The Record Delta reached out to Mon Health System’s SJMH following St. Joseph’s Thursday announcement and their administrators were eager to provide their take on the situation regarding the CON application filed on April 26.

Mon Health President and CEO David Goldberg explained that SJMH purchased the second 17-acre parcel of land located right off Route 33 in 2017 as an alternative site for the potential replacement of their existing hospital. “This has not been a surprise or a secret that we bought the two parcels of land to eventually replace Stonewall Jackson Memorial Hospital closer to the interstate to improve access for the residents of greater Lewis County and some of the bordering areas,” Goldberg stated.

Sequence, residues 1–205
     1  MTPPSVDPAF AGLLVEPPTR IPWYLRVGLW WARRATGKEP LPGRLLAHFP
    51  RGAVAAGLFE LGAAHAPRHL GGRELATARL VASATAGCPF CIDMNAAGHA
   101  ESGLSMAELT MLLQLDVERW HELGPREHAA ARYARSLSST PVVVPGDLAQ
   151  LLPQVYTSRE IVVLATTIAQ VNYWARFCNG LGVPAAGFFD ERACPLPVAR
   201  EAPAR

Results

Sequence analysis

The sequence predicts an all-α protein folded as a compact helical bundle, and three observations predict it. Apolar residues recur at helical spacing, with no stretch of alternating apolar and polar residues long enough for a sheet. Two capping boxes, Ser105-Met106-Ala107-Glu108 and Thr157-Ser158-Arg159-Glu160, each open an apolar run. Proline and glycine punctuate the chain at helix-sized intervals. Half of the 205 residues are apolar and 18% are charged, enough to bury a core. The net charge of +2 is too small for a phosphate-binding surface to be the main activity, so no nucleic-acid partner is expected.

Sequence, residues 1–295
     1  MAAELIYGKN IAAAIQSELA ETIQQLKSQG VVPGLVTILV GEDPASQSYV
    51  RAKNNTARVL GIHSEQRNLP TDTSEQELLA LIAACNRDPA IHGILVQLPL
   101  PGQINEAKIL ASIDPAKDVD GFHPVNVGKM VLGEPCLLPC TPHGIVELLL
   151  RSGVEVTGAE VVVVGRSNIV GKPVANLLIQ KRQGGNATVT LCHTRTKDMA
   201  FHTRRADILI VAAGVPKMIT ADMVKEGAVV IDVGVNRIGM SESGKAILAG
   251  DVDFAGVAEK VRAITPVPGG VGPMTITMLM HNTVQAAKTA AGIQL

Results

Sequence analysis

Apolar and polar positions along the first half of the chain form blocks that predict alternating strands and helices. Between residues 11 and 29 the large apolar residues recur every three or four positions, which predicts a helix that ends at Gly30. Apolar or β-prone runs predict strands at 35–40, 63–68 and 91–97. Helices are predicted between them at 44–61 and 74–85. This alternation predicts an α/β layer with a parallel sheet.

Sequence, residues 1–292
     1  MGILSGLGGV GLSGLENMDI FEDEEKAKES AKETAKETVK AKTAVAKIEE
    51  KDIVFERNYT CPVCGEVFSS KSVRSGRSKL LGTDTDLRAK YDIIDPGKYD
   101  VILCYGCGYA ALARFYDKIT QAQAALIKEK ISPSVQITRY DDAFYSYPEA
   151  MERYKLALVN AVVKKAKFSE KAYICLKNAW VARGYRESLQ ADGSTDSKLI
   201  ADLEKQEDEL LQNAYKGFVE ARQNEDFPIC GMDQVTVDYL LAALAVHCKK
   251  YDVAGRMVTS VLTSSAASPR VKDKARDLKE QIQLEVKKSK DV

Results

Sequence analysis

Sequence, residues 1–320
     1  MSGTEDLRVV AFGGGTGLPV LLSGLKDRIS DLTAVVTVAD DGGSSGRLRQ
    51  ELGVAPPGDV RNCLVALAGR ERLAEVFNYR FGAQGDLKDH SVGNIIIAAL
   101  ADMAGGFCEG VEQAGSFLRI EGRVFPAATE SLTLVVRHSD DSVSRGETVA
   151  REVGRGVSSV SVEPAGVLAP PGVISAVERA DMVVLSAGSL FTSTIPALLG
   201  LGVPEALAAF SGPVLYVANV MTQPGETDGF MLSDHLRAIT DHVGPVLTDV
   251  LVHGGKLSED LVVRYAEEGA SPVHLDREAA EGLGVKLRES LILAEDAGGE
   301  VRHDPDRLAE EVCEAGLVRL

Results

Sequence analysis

“We know St. Joe’s has every right to request a hearing and clarification of the application. We will work through the process and are glad to do it,” Goldberg stated. “Nothing here has anything to do with St. Joe’s from our perspective. It all has to do with decades of wanting to plan to replace Stonewall Jackson Memorial Hospital and we’re doing what we said we would do. We are not looking to cause a negative impact.”

Goldberg further elaborated that the distance from St. Joseph’s Hospital was not a concern they had when pursing a CON for the new location. “We own this land. We bought the land. This is where we have always planned to move the hospital. That’s what we are doing. This is not a surprise. What we said we would do, we are doing,” he emphasized.